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jca2010 09-23-2012 01:17 PM

Dryer repair DIY gone wrong... partly...
Hi folks,

Just registered to relate my recent dryer repair story and ask for a bit of advice since it went a bit off the rails.

TL;DR (i.e. the short version): Timer runs any time the dryer is plugged in, and will even rotate through the stop position into the next cycle. Heat will be applied to the coils, even without turning the start knob, and without the drum spinning!

We have a basic GE dryer (one start knob, one setting/timer knob). Recently it started making noises. I watched a number of youtube videos detailing how to open it and remove various components. After unplugging the dryer, I pulled the top and front panels off and removed the drum. The sound was pretty high-frequency, so I was fairly confident that it was a motor issue, and not a problem with the slow-rotating drum / bearings.

All the same, I verified the rear bearing was ok, the front bearing pads were ok, the coils were giving proper resistance, the thermostats and safeties were all closed circuit at room temperature, and the resistance of the control inlet and timer-to-coil resistor. All checked out.

At that point I decided to buy a replacement motor. Ended up getting a motor assembly (not just the motor) including a new fan etc. Got that installed and replaced all the wires* (incorrectly). Put the drum and belt back in. Plugging the machine back in and moving the timer to "air fluff" immediately caused my house main to trip (as well as the dryer circuit). I believe I saw a flash of light from somewhere in the cabinet on the right side, but I can't find any scorch mark yet.

After that I unplugged again, removed the drum and examined my wiring. Turns out I mistook the brown wire for the purple (they're very close colour in my dryer - I had even taken a photo to make sure this wouldn't happen, but I still botched it, clearly).. I had plugged brown into the motor, and purple into the idler spring switch. Flipped those back around and rechecked all connections.. replaced drum and belt, and then plugged in the dryer again.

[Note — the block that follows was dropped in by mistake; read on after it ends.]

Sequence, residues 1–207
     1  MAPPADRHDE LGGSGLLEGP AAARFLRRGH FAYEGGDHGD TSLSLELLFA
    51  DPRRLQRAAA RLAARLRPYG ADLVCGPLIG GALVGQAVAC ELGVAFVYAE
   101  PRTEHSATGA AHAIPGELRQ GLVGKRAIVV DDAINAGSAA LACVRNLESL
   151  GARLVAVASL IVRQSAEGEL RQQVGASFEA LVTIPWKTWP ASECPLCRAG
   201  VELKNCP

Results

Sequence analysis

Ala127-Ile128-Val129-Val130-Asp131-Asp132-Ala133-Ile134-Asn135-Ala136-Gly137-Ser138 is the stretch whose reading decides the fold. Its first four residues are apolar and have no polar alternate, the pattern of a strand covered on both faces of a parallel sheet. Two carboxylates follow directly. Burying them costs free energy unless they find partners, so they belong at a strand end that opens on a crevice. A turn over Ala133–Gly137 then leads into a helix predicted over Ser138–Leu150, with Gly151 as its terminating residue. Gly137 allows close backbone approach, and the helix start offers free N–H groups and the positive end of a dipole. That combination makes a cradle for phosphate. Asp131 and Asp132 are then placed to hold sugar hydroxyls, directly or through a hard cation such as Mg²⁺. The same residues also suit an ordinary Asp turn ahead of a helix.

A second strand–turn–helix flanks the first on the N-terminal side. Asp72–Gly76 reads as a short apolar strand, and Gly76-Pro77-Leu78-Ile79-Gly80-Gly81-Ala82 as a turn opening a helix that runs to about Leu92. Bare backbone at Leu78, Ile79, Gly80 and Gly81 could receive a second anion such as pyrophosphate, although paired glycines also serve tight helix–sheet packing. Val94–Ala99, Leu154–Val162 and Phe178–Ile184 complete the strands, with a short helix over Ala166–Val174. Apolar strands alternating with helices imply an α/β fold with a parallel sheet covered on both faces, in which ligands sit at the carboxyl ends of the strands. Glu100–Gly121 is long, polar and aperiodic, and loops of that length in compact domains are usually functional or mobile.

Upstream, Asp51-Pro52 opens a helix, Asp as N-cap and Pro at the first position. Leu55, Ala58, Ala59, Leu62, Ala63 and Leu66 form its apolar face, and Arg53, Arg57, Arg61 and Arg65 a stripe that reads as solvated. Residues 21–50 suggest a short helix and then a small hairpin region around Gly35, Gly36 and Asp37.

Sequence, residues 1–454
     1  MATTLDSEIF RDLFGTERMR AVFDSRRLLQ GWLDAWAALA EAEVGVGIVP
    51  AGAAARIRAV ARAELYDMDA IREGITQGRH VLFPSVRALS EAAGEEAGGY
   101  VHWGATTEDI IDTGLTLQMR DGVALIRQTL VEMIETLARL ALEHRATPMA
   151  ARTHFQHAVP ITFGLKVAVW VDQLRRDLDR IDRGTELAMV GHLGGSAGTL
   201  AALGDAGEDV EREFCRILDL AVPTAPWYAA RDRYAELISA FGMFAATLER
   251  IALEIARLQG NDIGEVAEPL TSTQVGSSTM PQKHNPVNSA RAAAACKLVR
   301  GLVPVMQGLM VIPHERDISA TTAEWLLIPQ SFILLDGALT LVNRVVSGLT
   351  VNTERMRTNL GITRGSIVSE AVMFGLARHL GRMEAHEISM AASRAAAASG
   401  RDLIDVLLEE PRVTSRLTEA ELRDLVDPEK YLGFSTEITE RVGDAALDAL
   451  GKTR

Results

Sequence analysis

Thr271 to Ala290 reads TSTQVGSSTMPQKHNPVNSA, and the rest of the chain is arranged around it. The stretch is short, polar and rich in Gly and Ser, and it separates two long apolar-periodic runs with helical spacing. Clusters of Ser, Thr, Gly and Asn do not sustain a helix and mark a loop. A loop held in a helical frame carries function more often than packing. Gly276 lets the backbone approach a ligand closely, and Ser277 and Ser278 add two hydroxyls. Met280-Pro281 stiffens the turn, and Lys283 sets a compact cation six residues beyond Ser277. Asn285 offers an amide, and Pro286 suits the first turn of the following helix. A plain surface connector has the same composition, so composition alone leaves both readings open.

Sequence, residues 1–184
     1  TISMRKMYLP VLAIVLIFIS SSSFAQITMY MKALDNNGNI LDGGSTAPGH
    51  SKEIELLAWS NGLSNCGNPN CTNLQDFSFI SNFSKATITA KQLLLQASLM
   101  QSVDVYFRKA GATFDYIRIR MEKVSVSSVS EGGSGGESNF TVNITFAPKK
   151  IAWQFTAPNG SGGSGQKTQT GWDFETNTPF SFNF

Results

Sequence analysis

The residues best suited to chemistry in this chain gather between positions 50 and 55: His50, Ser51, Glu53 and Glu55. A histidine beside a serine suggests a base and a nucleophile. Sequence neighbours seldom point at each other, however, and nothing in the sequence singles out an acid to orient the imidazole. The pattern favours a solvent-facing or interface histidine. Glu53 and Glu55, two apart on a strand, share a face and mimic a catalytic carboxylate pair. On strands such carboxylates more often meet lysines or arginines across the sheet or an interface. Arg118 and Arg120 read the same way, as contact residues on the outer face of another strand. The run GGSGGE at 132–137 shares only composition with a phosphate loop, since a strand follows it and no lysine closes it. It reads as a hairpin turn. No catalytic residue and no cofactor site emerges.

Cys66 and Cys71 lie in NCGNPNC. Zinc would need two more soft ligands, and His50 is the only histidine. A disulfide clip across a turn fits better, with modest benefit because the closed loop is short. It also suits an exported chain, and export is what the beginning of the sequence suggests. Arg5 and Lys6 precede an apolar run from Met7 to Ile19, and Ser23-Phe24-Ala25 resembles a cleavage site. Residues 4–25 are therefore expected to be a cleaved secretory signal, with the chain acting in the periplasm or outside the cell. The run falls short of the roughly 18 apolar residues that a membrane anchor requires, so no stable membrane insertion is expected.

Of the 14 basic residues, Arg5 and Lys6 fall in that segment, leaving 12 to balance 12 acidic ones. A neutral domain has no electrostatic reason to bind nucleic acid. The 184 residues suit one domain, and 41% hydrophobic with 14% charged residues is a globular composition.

Soon as I did that I heard the timer motor running... however it shouldn't have been. It was in one of the Stop regions on the dial. I moved it to air fluff, and then hit the start switch.. drum started up normally, sounds were gone, so I figured I was basically done.. I moved the timer dial around to Stop, but nothing happened.. drum kept turning. Tried each of the other stop regions.. again kept turning. I opened the door, and the drum stopped.. however, when I moved the timer dial again to various positions it actually started up the coils! I could see the glow in the back of the cabinet and feel the heat. Moving to air fluff turned the coils off.

Final test was: Unplug the machine. Open the door. Set timer to air fluff. Plug machine in. Watch timer.

The timer started up, moved through to the end of the timed cycle, passed the stop point, and entered the +Dry cycle, lighting up the coils... argh!

Anyone have any idea what could be wrong at this stage? I suspected the Start switch, but with timer set to "air fluff" I tried: Start knob, drum spinning, open door, close door... the drum did not start up spinning again.

I rechecked all the thermostat continuities.. resistor values.. coil resistance.. all seems ok. I'm very pleased the sound is gone with the motor replacement, but obviously worried about the fact that my dryer is running without being "started".

Help much appreciated.. Thanks!

Protocol. 09-23-2012 02:26 PM

Most likely fused the timer contacts closed when you had it wired incorrectly. Impossibly to say for sure without a wiring diagram.